A Nobel for an economic model with real world application

Sweden’s Riksbank is sometimes accused, only half in jest, of awarding the Nobel memorial prize for economic research decades after the research in question actually made a difference. One could be forgiven for wishing the accusation were true today. The work that the 2022 prize honours — runs on financial institutions, the damage they do, and how to prevent them — remains depressingly timely.

The laureates — former Federal Reserve chair Ben Bernanke, and economics professors Douglas Diamond and Philip Dybvig — have demonstrated the fundamental role banks play in the economy and above all the role they play when things go wrong. The Diamond-Dybvig model, a staple of economics teaching since it was developed in the 1980s, clarifies how banks intermediate between depositors who want immediate access to their savings and businesses that need long-term investment funding. The model sets out how and why banks are therefore vulnerable to deposit runs and establishes the central argument for government deposit insurance.

Bernanke at around the same time analysed the devastating effect bank runs can have on economic functioning by blocking credit flows and destroying knowledge about creditworthiness. His research on the 1930s downturn showed how bank failures helped turn a run-of-the-mill recession into the Great Depression — which had until then been explained largely as the result of bad monetary policy.

The real world importance of this work is clear in the influence it has had on how economic policymakers have done their job. “[Bernanke] himself used many of these ideas in his approach” to the 2008-10 global financial crisis, says Ricardo Reis, economics professor at the London School of Economics and an expert on the area. But Reis warns against taking the prize as a comment on Bernanke’s performance at the helm of the Fed.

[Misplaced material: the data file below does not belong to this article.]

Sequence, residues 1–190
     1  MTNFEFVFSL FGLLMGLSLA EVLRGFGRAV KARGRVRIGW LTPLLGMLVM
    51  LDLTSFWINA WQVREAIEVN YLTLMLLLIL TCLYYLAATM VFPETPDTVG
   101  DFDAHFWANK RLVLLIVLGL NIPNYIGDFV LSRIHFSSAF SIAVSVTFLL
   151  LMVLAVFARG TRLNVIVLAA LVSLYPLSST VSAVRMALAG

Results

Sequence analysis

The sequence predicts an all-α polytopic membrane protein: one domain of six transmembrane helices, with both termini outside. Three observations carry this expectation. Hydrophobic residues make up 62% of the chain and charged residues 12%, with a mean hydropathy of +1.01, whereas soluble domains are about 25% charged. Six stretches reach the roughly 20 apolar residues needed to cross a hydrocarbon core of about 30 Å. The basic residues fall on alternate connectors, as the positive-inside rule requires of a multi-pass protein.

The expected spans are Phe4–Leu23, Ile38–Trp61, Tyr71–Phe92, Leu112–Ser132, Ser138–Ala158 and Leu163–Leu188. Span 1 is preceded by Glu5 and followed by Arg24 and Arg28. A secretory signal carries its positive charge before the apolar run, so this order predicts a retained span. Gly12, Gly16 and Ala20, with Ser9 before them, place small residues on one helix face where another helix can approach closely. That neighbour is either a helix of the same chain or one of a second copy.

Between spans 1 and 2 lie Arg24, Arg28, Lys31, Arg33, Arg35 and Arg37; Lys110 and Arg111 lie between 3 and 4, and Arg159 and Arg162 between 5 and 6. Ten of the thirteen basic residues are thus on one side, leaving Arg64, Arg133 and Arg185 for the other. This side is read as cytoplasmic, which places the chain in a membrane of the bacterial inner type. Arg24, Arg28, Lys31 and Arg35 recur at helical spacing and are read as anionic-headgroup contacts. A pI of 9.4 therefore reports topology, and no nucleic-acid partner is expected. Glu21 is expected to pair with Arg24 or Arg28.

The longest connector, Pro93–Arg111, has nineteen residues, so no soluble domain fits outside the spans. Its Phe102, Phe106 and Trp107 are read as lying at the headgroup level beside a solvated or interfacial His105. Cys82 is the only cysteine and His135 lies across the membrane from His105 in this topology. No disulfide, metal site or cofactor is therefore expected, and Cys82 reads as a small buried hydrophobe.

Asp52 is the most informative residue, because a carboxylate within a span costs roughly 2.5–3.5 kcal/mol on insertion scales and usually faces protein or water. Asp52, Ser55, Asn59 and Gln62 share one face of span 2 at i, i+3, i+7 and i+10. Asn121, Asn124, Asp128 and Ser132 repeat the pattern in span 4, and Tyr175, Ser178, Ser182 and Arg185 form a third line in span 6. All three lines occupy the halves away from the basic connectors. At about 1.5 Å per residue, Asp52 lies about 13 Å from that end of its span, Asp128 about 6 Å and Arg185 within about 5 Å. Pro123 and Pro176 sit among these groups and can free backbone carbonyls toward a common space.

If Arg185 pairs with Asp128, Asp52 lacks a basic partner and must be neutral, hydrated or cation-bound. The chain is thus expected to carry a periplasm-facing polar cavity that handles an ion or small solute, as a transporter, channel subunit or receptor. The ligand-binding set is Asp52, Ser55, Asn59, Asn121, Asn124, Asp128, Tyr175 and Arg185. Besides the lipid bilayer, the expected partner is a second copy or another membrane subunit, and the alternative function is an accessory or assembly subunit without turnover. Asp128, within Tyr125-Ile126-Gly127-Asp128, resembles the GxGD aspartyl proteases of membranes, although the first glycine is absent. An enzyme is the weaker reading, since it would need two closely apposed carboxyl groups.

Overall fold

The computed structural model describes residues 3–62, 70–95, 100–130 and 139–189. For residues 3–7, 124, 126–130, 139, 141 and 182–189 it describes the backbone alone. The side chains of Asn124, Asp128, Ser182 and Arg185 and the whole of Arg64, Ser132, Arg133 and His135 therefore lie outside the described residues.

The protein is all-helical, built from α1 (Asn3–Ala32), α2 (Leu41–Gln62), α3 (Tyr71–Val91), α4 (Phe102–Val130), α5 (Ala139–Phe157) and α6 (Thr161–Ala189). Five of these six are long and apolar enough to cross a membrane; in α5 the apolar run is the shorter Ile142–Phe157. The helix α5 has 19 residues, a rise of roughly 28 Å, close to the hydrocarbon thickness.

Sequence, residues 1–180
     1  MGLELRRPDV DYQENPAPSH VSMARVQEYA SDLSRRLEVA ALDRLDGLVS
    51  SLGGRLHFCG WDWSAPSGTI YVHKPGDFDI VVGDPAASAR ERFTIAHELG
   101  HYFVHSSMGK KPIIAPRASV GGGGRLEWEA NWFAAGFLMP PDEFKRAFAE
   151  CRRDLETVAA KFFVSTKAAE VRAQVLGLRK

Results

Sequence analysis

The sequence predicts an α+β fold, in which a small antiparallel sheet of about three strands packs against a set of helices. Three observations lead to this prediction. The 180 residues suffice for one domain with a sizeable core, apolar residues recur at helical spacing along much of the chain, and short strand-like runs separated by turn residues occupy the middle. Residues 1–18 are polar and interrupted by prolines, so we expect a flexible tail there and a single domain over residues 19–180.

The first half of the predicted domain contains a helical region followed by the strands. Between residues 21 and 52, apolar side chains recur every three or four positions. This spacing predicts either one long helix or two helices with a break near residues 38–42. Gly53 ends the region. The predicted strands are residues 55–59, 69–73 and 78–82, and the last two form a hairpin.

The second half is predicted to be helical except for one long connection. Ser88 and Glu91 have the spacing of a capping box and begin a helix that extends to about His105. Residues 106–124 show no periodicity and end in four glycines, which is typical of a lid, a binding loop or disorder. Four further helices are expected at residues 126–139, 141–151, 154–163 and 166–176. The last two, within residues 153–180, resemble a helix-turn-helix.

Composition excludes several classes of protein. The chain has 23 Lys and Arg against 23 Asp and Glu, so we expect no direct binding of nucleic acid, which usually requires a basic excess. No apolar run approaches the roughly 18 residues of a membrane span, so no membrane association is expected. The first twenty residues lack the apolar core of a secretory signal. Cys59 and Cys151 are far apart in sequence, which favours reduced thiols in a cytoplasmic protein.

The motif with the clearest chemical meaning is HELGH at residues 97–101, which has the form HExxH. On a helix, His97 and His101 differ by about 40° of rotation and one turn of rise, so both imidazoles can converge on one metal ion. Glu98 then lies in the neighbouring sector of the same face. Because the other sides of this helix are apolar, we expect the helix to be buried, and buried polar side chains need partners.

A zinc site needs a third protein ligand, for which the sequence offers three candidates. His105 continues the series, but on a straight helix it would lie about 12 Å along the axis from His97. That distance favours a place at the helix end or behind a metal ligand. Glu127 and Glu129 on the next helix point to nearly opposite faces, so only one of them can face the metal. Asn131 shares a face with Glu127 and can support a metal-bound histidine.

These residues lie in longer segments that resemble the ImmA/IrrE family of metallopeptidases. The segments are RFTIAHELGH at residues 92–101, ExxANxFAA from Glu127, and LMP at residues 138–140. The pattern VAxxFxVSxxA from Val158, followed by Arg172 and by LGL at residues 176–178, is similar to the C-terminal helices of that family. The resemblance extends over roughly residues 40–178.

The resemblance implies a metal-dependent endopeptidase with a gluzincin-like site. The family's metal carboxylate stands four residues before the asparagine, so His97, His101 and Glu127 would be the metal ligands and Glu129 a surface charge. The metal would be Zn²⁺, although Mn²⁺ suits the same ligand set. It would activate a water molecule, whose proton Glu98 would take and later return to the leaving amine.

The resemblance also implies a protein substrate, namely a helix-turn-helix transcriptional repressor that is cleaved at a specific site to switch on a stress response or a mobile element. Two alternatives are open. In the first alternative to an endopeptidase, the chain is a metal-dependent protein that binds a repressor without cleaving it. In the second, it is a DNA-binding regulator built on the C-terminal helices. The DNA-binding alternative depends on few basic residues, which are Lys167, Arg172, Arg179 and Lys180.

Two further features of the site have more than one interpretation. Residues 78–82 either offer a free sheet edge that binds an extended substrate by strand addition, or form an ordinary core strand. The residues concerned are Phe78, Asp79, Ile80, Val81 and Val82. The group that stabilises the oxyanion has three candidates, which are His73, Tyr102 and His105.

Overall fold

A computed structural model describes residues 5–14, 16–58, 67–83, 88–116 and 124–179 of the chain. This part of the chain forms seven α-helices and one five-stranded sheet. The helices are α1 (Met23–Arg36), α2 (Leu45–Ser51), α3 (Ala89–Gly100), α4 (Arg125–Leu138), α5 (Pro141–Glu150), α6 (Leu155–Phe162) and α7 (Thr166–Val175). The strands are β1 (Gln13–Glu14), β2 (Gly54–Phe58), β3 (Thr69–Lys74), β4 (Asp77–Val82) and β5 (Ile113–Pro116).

As Reis points out, the lesson that a lender of last resort and fiscal backstops are needed to prevent runs has been internalised across the board. In the financial crisis “you [saw] clearly how central banks all over the world . . . immediately stepped in to reassure depositors . . . This was the major difference that prevented the Great Recession [of 2009-10] from becoming another Great Depression.”

Similarly, during the pandemic, governments keen to preserve the health of the banking sector issued guarantees for crisis lending to businesses hurt by lockdowns.

Today’s award, then, should serve as a reminder that despite the blow to its reputation caused by the failure to predict financial crises, mainstream economics has much useful to say about how to tackle them. The Bank of England’s swift intervention in gilt markets last month, which faced dynamics in some ways analogous to bank runs, is just the most recent example.

It also illustrates that banks are only one side of the story. Partly because of Bernanke, Diamond and Dybvig’s influence, the risk of runs is greater in the non-bank or “shadow” financial sector than in banking. And banks that know governments will not let them fail are tempted to pile on risk if they are not prevented from doing so by regulators.

These are topics of more recent research, which some economists say would have been just as deserving of a Nobel. In that sense, at least, the joke about the prize committee being behind the times remains valid.

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